Anti-depressants are used to treat lupus or fibromyalgia-related pain, even if depression is not present. However, since depression can worsen pain, it’s imperative to address it when occurring alongside pain. Some common anti-depressants include amitriptyline, venlafaxine, duloxetine (Cymbalta), and milnacipran (Savella). These medications may help by lowering pain signals and easing fatigue.
All of these pain medications have a long list of potential side effects. Furthermore, if there is an underlying cause for your pain, such as sleep disturbance or stress, it may be better to treat that cause prior to starting pain medications.
Physical activity can be a powerful pain management asset, but it must be approached carefully. Check with your doctor before starting an exercise routine. Fortunately, most people with lupus can do some form of activity and benefit from it.
Low impact strengthening exercises, such as water aerobics, swimming, bicycling or yoga, are recommended for reducing joint pain and muscle stiffness. A physical therapist can help you determine which type of exercise will be most beneficial to your specific issues.
Be sure to pace yourself while exercising to avoid fatigue. It may seem difficult to exercise at first, but the rewards can include stress relief, improved moods, increased range of motion and reduced inflammation, fatigue and pain.
Stress Relief and Coping Skills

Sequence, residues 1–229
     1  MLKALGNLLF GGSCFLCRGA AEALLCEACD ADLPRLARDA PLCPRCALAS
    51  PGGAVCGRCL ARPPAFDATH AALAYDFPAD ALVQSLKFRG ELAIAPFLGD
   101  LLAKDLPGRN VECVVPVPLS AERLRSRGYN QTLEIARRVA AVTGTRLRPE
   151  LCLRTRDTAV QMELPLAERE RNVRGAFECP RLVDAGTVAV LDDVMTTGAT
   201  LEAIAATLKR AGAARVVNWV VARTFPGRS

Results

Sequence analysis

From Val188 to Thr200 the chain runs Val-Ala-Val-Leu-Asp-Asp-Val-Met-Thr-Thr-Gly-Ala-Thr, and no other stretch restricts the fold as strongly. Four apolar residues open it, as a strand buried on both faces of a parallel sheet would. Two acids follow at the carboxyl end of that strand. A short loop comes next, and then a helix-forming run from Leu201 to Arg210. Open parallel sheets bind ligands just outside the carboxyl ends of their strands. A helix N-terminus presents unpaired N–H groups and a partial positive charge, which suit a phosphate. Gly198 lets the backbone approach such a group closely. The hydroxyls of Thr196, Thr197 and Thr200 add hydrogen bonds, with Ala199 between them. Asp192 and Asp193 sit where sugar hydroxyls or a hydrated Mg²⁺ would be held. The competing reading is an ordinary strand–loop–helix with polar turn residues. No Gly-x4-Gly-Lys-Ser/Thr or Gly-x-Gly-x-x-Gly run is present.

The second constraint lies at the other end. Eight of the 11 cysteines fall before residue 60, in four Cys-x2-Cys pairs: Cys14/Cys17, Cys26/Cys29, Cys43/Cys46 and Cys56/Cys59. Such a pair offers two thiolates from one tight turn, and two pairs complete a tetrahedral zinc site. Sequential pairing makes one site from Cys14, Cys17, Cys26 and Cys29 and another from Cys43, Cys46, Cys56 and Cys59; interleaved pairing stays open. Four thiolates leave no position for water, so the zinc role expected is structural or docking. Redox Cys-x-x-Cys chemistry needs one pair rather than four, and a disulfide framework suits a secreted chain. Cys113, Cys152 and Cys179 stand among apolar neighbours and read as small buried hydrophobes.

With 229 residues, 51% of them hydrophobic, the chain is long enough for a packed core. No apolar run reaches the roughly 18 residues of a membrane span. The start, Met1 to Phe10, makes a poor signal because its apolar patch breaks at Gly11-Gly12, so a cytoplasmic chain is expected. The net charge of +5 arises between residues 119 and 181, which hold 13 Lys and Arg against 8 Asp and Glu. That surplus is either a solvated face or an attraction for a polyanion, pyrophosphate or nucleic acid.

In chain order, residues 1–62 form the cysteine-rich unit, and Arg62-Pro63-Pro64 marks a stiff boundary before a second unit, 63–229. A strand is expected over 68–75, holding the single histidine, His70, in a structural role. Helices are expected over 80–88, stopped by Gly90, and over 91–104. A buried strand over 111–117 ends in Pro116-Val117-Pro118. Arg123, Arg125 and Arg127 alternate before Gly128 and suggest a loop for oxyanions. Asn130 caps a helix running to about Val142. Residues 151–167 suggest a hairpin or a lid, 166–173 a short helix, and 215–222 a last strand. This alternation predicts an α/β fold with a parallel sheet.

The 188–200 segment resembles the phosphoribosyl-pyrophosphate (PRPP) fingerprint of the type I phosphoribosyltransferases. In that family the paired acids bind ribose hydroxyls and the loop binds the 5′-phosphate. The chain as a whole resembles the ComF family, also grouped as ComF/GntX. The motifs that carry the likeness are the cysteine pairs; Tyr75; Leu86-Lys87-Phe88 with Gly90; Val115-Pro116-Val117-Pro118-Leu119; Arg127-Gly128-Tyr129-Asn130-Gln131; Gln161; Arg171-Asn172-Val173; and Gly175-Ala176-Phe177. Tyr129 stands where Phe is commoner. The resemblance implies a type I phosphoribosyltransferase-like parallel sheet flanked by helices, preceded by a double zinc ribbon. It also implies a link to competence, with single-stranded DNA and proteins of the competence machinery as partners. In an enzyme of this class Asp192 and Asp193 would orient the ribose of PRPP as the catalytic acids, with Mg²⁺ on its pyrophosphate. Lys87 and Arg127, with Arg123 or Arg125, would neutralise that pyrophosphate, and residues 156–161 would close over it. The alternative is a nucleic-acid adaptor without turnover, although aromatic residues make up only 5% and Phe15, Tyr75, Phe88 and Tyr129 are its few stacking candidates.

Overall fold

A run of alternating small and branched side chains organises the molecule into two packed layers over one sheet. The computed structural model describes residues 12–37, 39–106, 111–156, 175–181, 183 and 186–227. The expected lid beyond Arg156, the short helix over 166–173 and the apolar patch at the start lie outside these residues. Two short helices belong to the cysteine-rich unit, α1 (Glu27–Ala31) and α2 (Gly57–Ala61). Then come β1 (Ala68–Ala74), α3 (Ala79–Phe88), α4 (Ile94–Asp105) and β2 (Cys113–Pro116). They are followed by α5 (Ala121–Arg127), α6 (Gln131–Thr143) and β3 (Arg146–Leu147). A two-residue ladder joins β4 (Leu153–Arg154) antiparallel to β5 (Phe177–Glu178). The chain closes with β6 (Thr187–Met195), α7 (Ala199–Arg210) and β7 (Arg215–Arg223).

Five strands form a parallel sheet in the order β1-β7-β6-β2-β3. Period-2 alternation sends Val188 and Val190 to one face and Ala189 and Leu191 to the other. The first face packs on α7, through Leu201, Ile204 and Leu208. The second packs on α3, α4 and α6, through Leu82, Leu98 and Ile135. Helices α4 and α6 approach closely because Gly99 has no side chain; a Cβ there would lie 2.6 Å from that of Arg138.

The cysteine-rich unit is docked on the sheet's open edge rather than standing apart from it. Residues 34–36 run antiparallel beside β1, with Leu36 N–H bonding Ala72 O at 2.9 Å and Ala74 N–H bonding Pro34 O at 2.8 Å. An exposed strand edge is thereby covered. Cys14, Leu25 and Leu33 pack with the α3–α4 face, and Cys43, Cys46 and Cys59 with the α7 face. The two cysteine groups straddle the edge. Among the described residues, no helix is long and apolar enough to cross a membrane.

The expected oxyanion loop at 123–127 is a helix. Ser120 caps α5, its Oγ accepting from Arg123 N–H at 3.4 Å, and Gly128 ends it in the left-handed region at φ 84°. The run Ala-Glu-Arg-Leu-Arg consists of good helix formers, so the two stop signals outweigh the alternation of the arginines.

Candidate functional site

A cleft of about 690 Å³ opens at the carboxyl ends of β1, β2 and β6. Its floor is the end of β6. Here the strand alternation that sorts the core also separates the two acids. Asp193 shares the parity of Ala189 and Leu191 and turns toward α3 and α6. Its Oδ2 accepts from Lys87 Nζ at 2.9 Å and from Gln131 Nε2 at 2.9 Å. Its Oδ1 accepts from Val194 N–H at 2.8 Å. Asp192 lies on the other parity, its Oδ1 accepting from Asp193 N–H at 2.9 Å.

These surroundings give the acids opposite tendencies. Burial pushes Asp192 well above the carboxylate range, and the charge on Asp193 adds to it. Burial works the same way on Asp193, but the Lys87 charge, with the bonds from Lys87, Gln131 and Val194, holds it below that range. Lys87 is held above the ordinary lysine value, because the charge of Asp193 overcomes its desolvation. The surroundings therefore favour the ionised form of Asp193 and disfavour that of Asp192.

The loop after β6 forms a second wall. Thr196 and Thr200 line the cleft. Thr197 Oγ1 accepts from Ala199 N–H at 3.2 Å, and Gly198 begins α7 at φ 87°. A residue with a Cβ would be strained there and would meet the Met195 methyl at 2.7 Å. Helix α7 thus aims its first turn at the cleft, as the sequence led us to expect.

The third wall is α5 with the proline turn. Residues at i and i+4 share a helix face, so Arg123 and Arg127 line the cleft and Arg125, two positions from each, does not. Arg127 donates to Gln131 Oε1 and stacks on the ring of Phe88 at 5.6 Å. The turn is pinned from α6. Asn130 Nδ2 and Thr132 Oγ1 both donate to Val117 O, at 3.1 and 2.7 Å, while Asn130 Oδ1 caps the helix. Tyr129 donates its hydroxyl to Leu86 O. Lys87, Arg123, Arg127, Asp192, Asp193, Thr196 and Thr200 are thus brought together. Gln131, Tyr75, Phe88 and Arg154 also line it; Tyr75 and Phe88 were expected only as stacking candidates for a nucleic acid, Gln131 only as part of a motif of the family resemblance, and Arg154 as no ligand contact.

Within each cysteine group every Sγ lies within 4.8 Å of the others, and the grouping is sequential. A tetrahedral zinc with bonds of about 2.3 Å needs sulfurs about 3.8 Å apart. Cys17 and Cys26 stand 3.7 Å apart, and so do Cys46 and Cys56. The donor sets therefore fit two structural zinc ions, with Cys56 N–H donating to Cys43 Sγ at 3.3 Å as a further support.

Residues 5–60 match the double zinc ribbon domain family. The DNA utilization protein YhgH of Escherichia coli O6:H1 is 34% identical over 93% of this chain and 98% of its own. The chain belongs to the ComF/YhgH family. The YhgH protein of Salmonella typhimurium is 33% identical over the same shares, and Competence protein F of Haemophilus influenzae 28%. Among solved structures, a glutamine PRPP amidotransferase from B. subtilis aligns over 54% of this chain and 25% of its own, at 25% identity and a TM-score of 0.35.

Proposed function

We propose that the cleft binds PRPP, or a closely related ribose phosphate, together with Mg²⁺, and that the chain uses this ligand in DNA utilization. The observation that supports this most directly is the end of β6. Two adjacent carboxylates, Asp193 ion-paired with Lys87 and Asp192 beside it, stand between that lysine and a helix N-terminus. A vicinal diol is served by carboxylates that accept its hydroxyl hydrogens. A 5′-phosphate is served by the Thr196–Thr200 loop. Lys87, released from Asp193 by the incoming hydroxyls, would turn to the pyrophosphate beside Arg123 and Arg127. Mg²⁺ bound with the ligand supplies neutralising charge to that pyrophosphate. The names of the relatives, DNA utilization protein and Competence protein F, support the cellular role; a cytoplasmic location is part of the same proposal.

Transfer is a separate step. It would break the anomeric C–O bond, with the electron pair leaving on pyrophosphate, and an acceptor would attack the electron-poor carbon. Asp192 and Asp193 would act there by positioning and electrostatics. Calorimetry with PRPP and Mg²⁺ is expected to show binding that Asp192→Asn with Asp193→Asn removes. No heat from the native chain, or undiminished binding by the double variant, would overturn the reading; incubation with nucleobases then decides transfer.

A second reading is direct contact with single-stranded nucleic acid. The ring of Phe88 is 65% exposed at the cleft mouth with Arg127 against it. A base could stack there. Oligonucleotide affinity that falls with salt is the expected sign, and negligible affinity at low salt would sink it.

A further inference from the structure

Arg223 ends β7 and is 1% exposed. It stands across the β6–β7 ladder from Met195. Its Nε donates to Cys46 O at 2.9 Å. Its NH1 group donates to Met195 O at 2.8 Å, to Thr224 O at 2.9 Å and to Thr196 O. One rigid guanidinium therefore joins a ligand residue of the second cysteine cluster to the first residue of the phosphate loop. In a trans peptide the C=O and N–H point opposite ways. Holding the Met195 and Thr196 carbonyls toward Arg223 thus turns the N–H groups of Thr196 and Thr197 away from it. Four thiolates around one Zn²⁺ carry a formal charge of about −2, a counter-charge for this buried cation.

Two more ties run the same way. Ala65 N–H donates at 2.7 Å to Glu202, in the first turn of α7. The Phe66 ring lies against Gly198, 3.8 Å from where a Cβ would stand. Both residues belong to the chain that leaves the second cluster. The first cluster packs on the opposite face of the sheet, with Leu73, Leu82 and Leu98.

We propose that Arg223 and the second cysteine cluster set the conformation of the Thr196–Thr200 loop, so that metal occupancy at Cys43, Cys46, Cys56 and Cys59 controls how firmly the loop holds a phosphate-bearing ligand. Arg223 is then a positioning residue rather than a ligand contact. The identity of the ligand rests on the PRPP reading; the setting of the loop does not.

Discussing how pain is affecting your life with a support group or therapist can be a huge stress reliever. Addressing any mental health concerns or major stressors will also help long-term with pain.
Learning coping skills for pain management will give you many tools to help take control of your pain. Some examples are progressive relaxation, focused breathing, guided imagery, distraction techniques and meditation.
Anything that can take your mind’s attention away from your pain will relieve stress and tension, which hopefully in turn will reduce your pain. These techniques are also relatively easy and safe and have no harmful side effects.
Many people with lupus have tried alternative therapies such as acupuncture, floatation therapy, biofeedback, chiropractic therapy or acupressure to relieve pain. Others have found relief via devices such as a TENS (transcutaneous electrical nerve stimulation) unit or pulse electromagnetic frequency (PEMF) device. Supplements, herbs, CBD oil products, topical creams and essential oils are also hot topics when discussing alternative ways to manage pain.
Trying these complementary treatments could make a huge difference in your pain but remember to always talk to your doctor about them first. Especially since some supplements, herbs or dietary changes could have serious negative interactions with lupus medications.
Living with Lupus Pain
Dealing with lupus and the pain it brings can make daily life immensely difficult. While pain levels may rise and fall with flares, most of us have a baseline pain level that is frustrating and limiting.
Since lupus pain is multifactorial, you may need to try a lot of things before your pain is managed. For me, continuing to try new things has been the key to remaining hopeful in my lupus pain journey. Make sure to take time to rest so you can gather the strength you need to prevail despite lupus pain. Is lupus painful? Yes, but there are many things you can try that could dramatically reduce or help manage your pain.